What is operating mass in aviation?

What is operating mass in aviation?

Operating Mass (OM): It is the DOM plus takeoff fuel but without traffic load. It can be thought of as Wet Operating Mass as opposed to DOM. Traffic Load: It is the total mass of passengers, baggage and cargo, including any ‘non-revenue’ load (like spare parts etc).

What is the dry operating mass of an aircraft?

Dry Operating Mass (DOM) is the total mass of the aeroplane ready for a specific type of operation excluding usable fuel and traffic load. The mass includes items such as: i) Crew and crew baggage. ii) Catering and removable passenger service equipment.

What is regulated landing mass?

Regulated Landing Mass (RLM) is the lowest of the ‘performance limited’ and ‘structural limited’ landing mass. Regulated Take-Off Mass (RTOM) is the lowest of the ‘performance limited’ and ‘structural limited’ TOM.

What is included in dry operating weight?

DRY OPERATING MASS The dry operating mass includes: (a) crew and crew baggage; (b) catering and removable passenger service equipment; and (c) tank water and lavatory chemicals. (2) standard masses, including hand baggage, of 85 kg for flight crew/technical crew members and 75 kg for cabin crew members.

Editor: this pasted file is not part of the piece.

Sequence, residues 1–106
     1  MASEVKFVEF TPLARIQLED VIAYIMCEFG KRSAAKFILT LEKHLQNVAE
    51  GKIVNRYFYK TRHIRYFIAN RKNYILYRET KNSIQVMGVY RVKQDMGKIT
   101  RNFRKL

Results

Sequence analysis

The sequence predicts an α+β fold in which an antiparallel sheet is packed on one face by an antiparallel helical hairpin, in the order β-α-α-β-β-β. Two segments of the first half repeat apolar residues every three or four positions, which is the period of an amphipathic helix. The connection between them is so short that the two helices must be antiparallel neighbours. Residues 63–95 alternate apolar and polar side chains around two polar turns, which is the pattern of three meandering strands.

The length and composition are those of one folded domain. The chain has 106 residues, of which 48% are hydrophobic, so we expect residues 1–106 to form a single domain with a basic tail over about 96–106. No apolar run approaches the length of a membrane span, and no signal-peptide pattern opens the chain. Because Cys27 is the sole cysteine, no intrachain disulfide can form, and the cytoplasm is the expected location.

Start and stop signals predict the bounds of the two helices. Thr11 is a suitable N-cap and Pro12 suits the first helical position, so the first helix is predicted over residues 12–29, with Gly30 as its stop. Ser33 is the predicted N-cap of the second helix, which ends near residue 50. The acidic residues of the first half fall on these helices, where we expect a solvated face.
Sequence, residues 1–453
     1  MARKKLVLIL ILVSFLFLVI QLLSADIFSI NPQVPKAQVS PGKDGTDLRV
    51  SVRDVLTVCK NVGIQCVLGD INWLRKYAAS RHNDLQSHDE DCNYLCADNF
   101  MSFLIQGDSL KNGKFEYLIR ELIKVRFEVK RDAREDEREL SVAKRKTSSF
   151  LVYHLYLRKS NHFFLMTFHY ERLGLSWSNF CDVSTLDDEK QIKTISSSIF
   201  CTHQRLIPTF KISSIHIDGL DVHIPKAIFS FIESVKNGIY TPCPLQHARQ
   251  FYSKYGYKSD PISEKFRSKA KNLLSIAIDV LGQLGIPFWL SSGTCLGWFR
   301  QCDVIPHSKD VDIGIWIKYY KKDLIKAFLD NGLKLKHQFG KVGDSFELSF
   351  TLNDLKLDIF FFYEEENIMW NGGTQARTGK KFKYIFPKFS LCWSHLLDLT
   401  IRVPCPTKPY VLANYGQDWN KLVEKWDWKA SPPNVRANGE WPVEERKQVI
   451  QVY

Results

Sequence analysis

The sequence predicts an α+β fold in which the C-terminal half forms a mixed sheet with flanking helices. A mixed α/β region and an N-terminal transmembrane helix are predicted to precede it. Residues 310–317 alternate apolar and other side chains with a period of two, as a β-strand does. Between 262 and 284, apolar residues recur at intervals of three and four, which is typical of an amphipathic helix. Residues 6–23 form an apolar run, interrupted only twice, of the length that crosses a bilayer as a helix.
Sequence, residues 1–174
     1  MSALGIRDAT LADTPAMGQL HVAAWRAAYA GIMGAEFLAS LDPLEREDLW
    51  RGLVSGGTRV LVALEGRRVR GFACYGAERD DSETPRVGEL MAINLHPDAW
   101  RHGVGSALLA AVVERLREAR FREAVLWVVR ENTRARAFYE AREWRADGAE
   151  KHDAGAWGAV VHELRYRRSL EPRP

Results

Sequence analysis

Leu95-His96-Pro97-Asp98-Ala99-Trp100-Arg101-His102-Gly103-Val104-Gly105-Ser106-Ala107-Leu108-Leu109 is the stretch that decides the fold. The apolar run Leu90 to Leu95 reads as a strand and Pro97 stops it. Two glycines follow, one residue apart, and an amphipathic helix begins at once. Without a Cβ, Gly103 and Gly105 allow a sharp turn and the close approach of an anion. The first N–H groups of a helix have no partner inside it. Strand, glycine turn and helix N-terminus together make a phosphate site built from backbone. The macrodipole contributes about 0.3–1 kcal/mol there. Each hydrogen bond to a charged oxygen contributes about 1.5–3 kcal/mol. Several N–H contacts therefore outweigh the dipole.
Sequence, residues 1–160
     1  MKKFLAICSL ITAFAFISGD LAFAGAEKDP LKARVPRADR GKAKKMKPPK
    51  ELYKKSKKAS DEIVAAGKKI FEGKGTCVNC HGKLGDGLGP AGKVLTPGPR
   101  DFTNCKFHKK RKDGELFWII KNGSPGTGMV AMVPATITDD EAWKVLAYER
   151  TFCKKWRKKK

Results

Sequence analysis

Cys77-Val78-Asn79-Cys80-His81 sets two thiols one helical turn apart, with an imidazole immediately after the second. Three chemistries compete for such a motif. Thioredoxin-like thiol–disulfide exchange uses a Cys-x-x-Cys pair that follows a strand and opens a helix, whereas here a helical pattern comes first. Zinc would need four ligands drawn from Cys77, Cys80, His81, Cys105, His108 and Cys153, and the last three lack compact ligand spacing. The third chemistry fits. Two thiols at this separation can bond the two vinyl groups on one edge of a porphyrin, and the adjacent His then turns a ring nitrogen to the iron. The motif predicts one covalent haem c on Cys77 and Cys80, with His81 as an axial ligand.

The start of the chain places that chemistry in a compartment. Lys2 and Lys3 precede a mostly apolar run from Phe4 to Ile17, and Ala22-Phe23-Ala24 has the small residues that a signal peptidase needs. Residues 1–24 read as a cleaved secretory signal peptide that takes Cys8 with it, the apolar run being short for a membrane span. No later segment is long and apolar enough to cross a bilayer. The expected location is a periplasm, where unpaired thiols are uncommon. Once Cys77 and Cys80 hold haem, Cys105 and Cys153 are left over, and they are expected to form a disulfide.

What is aircraft mass and performance?

MASS (WEIGHT) & BALANCE. Predicting Performance. The Forces on an Airplane. Four Main Forces Lift, Weight, Thrust, and Drag. Flying Further Than Any Other Aircraft in History.

What is mass balance aircraft?

In addition, because aircraft control surfaces are mounted on flexible structures like wings, they are prone to oscillate (“flutter”), a dangerous effect which can be cured by bringing the centre of gravity (c.g.) of the control surface to the hinge line. This is called mass balancing.

What are the four forces that act on an aircraft?

It flies because of four forces. These same four forces help an airplane fly. The four forces are lift, thrust, drag, and weight.

What gives an airplane forward force?

Thrust: The force that moves a plane forward through the air. Thrust is created by a propeller or a jet engine. An aircraft in straight and level flight is acted upon by four forces: lift, gravity, thrust, and drag. The opposing forces balance each other; lift equals gravity and thrust equals drag.

What is aircraft structure?

Most airplane structures include a fuselage, wings, an empennage, landing gear, and a powerplant. Fuselage. The fuselage is the central body of an airplane and is designed to accommodate the crew, passengers, and cargo. It also provides the structural connection for the wings and tail assembly.

What is basic operating weight?

Basic Operating Weight (BOW) Total weight of the aircraft, including crew, ready for flight, but without payload or fuel (sometimes excludes the crew). Includes all fixed ballast, unusable fuel, normal operating level of oil and total quantity of hydraulic fluid (transport aircraft only).

What is trip fuel?

The Trip fuel is the required fuel quantity from brake release on takeoff at the departure aerodrome to the landing touchdown at the destination aerodrome. This quantity includes the fuel required for: Takeoff. Climb to cruise level. Flight in level cruise including any planned step climb or step descent.

What is drag and lift?

Lift is defined as the component of the aerodynamic force that is perpendicular to the flow direction, and drag is the component that is parallel to the flow direction.